Businesses in Harmony with Nature Last

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How nature and businesses are inextricably connected needs to be acknowledged and understood. In fact, it is the essence of sustainability

R Gopalakrishnan, a prolific author and a highly successful business leader, says he learnt the nuances of management and life by observing nature closely. He attributes his success as one of the most successful professional business leaders of the modern India to his fondness for looking for business and life lessons from unusual places. He documented his learnings in The Case of the Bonsai Manager – Lessons for Managers on Intuition published by Penguin in 2009.

Presented here are excerpts from his talk ‘What Business Can Learn from Nature’ at the first Green Literature Festival held in December 2021. Greenlitfest (watch here)

India is a fertile land for start-ups and has seen 42 unicorns in 2021 alone. Their exuberance and fierce competition notwithstanding, start-ups have the advantage of choosing their path. He is against growth at any cost and wants business goals to be in harmony with the environmental sustainability.  

He believes that the laws of nature apply to companies. Those with good business philosophy and a strong sense of identity out-survive the ones with dramatic valuations. It is after all a game of choice. Outcomes are different for entrepreneurs whose philosophy is to make the quickest buck in the fastest time from those that believe in making a small contribution to change the way society operates while booking profits.

Mr. Gopalakrishnan, after retiring as a Director at Tata Sons, has taken to advising corporates. Among numerous examples he shared, the one on Tata Chemicals is heart-warming.

In 2007, Tata Chemicals was exploring the world to find sources to mine natural soda ash. Synthetic soda ash is taken from seawater while natural soda ash appears as a deposit that can be mined. It is much less energy intensive and is considered a green soda ash.    The hard-boiled chemical engineers of the company zeroed in on Lake Natron in Tanzania to mine soda ash. After about $5-10 million investment, extensive research and multiple trips to Tanzania, the company board was keen to start mining. Just as the company decided the venture was good for all stakeholders, it stumbled onto the fact that Lake Natron was a nesting site for rare Little Flamingoes.

Tata Chemicals decided against the venture to save the Little Flamingoes. Of course, the engineers were shattered. The investment was written off and the project was abandoned, much to the disappointment of the Tanzanian government because the investment was a massive $450 million. A link in the natural order of things, however, was left intact.

Awareness of nature and how it connects with business is earthy natural common sense, says R Gopalakrishnan, who has served on the boards of several companies including the Tata Chemicals. Managers pursue growth for the sake of growth, often ignoring the consequences. Here’s the list of several lessons that entrepreneurs and managers can learn from nature:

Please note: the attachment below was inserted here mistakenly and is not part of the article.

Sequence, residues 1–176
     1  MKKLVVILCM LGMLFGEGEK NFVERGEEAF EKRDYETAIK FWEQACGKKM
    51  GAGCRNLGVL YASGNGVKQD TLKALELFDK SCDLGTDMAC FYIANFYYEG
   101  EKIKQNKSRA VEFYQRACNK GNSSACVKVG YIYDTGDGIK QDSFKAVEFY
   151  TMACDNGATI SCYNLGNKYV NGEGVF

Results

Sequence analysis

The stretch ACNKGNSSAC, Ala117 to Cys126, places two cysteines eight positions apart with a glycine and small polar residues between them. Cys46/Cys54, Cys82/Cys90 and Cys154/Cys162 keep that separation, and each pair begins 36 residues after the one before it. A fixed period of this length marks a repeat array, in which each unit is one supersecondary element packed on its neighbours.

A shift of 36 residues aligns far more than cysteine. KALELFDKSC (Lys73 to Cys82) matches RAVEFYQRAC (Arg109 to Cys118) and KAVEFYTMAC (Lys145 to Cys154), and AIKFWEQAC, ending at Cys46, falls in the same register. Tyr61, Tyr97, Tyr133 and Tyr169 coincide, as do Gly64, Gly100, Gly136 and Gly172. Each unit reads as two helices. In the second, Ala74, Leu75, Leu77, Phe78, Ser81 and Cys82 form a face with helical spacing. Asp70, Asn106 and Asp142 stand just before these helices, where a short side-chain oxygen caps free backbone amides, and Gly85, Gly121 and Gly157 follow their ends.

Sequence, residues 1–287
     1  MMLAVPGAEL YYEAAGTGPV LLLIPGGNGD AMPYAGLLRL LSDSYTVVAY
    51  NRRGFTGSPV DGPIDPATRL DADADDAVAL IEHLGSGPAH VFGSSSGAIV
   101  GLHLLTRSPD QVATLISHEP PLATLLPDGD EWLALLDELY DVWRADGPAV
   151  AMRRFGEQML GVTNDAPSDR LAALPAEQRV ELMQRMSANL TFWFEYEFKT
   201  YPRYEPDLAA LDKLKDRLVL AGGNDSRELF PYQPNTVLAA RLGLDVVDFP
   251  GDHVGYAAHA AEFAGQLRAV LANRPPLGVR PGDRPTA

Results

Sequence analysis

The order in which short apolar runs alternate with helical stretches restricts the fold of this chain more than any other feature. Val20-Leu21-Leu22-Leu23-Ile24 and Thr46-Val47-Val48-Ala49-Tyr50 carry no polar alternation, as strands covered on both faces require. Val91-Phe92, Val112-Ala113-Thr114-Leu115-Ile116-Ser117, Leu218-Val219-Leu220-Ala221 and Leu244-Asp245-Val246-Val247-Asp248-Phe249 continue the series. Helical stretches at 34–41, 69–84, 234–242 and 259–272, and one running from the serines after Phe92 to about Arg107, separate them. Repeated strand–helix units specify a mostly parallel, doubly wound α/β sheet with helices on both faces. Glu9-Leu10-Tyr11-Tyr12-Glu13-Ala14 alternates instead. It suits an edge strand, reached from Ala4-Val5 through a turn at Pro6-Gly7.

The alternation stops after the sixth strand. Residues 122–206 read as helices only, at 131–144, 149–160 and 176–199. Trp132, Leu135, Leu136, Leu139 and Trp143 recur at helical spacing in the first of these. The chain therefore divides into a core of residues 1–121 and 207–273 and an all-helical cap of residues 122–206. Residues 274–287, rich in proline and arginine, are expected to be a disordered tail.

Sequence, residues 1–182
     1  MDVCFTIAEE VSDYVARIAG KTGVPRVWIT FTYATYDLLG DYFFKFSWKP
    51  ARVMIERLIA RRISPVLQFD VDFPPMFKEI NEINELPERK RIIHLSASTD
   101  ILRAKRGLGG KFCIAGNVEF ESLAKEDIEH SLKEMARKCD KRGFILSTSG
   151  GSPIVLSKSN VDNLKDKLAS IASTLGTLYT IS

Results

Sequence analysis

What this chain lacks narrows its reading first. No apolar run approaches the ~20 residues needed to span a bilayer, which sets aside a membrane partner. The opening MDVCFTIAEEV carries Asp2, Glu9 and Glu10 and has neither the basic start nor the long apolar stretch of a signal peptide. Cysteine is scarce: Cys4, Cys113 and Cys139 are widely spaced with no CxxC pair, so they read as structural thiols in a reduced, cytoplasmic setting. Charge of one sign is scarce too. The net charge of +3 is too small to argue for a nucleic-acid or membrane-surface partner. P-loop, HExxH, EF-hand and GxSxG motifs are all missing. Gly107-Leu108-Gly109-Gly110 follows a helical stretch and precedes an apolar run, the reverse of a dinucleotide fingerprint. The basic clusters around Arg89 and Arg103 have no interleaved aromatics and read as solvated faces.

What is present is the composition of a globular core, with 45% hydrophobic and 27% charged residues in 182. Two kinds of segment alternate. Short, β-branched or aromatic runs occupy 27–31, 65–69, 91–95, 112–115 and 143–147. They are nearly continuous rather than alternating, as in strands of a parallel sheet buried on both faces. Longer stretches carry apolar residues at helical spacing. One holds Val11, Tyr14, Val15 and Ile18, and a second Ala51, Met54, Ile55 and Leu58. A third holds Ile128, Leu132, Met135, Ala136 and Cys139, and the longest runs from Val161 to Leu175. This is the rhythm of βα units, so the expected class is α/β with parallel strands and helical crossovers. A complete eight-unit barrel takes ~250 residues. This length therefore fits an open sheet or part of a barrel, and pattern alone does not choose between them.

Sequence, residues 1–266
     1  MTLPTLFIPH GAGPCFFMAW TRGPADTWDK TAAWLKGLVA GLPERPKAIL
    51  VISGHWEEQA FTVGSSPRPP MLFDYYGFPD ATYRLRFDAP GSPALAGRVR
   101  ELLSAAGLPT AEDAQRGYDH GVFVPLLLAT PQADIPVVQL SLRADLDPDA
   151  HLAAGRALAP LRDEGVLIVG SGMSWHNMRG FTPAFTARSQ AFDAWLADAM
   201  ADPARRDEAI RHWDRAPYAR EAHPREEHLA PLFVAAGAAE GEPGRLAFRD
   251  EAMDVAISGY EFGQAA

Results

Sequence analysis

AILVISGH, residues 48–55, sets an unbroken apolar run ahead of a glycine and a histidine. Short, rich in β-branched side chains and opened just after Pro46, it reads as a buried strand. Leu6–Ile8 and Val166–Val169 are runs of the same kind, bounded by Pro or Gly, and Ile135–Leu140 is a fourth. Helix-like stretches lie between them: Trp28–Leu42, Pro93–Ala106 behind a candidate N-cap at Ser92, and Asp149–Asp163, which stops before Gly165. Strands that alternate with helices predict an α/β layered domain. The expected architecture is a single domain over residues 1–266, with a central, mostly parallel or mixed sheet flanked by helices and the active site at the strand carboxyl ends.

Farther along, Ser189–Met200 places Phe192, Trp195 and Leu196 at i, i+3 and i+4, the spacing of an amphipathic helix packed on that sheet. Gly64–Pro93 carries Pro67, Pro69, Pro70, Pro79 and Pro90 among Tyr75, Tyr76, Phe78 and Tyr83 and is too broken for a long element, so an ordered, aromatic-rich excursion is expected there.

Compete, Cooperate and Collaborate

The fittest survive in nature and in business. Nature is extremely competitive and so are businesses. Nature thrives on co-operation as it should be among businesses and industries. Employees who are competitive at individual level and collaborative at a team level write business success stories. 

(Here is a story of Blue Jays and Robins for a lesson on cooperation and collaboration.)

Norms are Good. Exceptions are Inevitable

Simple everyday things like a bird adapting to a new situation or figuring out new ways to tap different sources of food, hold valuable lessons for those willing to learn. Nature has rules but very graciously accommodates exceptions. It is for us to correlate, says Mr. Gopalakrishnan. 

While the sun rises in the east and sets in the west for a vast majority of us, for a tiny minority in Norway nothing could be further from the truth. The sun does not set for six months, and when it does, it does not set in the west. The land of the midnight sun has its own cosmic rhythm.

The ability to have rules and yet accept exceptions is an important, but ignored, trait.  The rules of nature are often bent to accommodate exceptions with ease. A tolerance towards exceptions and respect for rules is what we all need to learn.

Finish the Unfinished

The human mind naturally remembers the unfinished task better than the finished. Now, all matters related to climate are unfinished tasks and we remember them as a constant ringing in the ear that refuses to quiet down. What we lack, however, is the willingness to listen and act. According to Mr. Gopalakrishnan, “What’s happening with climate change is nature prodding you to complete your unfinished task.”  

We have unfortunately been brought up by a pedagogy which ignores or, worse, belittles our intrinsic abilities like intuition. “I think it is about time we realize these aspects do not compete with but complement science.”  

Adaptability Trumps Size 

Nature values adaptability rather than size. Businesses value size rather than adaptability. Cheetah is a case in point. It is a superb hunter despite its size because of its adaptability. Its ability to quickly change directions gives it an enviable edge.

In the business world companies collapse if they don’t have the flexibility to adapt.

(Learn here about the amazing flexibility of Octopus) 

The Case of the Bonsai Manager is Mr. Gopalakrishnan’s 20th book. Check out his books and writings here


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